The questions John Faulkner might have asked the candidates for ALP National President

Voting for ALP National President closes this Thursday. All five candidates answered a joint Open Labor and Local Labor questionnaire on party reform -- you'll find their answers in this blog and on our Facebook page. Here Open Labor signatory Geoff Hjorth from the Newport ALP branch proposes four extra questions to the survey, based on former Senator John Faulkner's Revesby Workers Club speech last year on party reform. 

Voting for ALP National President closes this Thursday. All five candidates answered a joint Open Labor and Local Labor questionnaire on party reform -- you'll find their answers in this blog and on our Facebook page. Here Open Labor signatory Geoff Hjorth from the Newport ALP branch proposes four extra questions to the survey, based on former Senator John Faulkner's Revesby Workers Club speech last year on party reform.  


If you wish to respond to this questionnaire or to Geoff directly, email us at info@openlabor.net.au or make a comment on this blog. We will incorporate your comments into our work on party reform in the lead up to National Conference. 
 
In October last year John Faulkner made a major speech to the Revesby Workers Club about the future of the party.

The full text can be found here: http://www.senatorjohnfaulkner.com.au/file.php?file=/news/IGROPHPZVT/index.html     

Below is an extract from the speech (my emphasis for reasons that will become clear)

"Australia is changing, and the Party and unions have to change with it. We need to rebuild Labor from the grassroots – not the top down.

We have to democratise our Party and reach out to union members and involve them directly in the Party’s decision making processes.

This should lead to a deeper relationship with organised labour as a fundamental part of our Labor community.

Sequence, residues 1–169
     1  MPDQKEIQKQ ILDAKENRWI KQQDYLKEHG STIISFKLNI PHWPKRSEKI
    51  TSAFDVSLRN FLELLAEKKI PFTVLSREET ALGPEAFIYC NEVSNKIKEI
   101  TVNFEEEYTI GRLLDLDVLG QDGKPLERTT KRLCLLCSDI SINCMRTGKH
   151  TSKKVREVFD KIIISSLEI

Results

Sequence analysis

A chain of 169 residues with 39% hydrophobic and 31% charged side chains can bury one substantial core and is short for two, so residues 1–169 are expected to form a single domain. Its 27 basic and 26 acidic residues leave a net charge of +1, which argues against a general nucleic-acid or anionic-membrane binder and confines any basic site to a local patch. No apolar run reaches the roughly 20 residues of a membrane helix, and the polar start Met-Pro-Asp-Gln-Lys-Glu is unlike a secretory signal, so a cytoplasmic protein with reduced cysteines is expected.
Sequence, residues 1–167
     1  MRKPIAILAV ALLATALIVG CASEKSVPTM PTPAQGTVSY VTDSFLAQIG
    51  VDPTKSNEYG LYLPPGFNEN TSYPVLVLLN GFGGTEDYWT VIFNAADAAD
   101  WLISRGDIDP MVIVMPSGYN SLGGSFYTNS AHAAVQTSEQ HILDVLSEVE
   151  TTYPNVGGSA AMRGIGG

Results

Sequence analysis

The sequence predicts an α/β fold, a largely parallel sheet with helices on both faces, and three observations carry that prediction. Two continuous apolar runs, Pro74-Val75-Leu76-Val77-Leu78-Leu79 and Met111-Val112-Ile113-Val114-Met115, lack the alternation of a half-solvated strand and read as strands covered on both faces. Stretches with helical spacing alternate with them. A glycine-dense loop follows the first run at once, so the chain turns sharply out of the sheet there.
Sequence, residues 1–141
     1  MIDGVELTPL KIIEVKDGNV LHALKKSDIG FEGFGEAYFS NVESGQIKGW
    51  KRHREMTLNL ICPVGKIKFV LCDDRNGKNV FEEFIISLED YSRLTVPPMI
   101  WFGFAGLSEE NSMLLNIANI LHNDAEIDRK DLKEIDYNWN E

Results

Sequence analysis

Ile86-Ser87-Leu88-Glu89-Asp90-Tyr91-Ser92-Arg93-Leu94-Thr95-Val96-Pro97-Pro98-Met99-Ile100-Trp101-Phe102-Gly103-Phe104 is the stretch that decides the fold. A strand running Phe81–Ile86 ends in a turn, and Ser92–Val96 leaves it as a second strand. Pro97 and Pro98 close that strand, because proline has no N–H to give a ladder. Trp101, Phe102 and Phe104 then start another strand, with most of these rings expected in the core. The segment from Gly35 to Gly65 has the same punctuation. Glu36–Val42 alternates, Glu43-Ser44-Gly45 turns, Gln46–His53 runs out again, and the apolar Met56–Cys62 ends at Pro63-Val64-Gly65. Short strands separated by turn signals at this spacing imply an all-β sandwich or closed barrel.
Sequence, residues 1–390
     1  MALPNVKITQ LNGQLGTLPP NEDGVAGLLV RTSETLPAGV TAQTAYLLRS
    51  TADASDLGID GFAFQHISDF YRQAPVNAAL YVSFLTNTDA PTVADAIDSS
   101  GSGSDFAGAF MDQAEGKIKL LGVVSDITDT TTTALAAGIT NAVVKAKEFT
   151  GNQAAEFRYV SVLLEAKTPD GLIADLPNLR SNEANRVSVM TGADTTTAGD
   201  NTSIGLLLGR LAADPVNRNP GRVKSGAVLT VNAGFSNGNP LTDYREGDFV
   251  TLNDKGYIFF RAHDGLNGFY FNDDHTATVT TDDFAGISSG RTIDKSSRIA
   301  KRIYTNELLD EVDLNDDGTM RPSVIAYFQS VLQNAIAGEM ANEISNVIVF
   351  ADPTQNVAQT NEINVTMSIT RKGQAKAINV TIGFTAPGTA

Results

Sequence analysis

To achieve this, the Party should encourage members of affiliated unions to join the Party and participate directly in Party decisions and deliberations.

For the purpose of determining union affiliation numbers, unions should only be able to count members who have agreed to their membership being counted towards that affiliation in an opt-in system.

All union delegates to Party Conferences should be elected through a ballot of union members, conducted under the principle of proportional representation, and should not be appointed without election. Unions should be required to amend their own rules, to fulfil this objective.

Our current State Conference structures provide 50 per cent representation to affiliated unions – which represent only a portion of the 17 per cent of working people who belong to a union at all. This must change.

The component of conference delegates directly elected by party members, which I spoke of earlier, should increase over time, while the percentage of both the delegates elected by Electorate Councils, and those elected by unions, should reduce in tandem. I would hope to see a structure with 6 per cent of Delegates elected by the membership, 20 per cent by the Affiliated Unions and 20 per cent elected by Electorate Councils, reached in stages over the next three National Conferences.

Even then, there would still be a positive disparity or “over representation” of union proportionality to unionisation of the workforce. There would also be an incentive for union members to have a direct relationship with the Party as well as participating through their union. Indeed, being active in both Party and union would provide additional opportunities to participate – activism would be rewarded.

The practice of factions, affiliates or interest groups binding parliamentarians in Caucus votes or ballots must be banned. Faulkner wrote that factional binding is inherently undemocratic. It allows a group with 51 per cent of a subfaction, which then makes up 51 per cent of a faction, which in turn has 51 per cent of the Caucus numbers, to force the entire Caucus to their position. This Russian doll of nested factions is profoundly undemocratic and, as we have seen in NSW, wide open to manipulation."

Below is a series of statements or propositions drawn directly from the Faulkner speech.

You are invited to agree or disagree and then, if you wish, add further comments.

1.     For the purpose of determining union affiliation numbers, unions should only be able to count members who have agreed to their membership being counted towards that affiliation in an opt-in system.

2.     All union delegates to Party Conferences should be elected through a ballot of union members, conducted under the principle of proportional representation, and should not be appointed without election. Unions should be required to amend their own rules, to fulfil this objective.

3.     I would hope to see a structure with 60 per cent of Delegates elected by the membership, 20 per cent by the Affiliated Unions and 20 per cent elected by Electorate Councils, reached in stages over the next three National Conferences.

4.     The practice of factions, affiliates or interest groups binding parliamentarians in Caucus votes or ballots must be banned.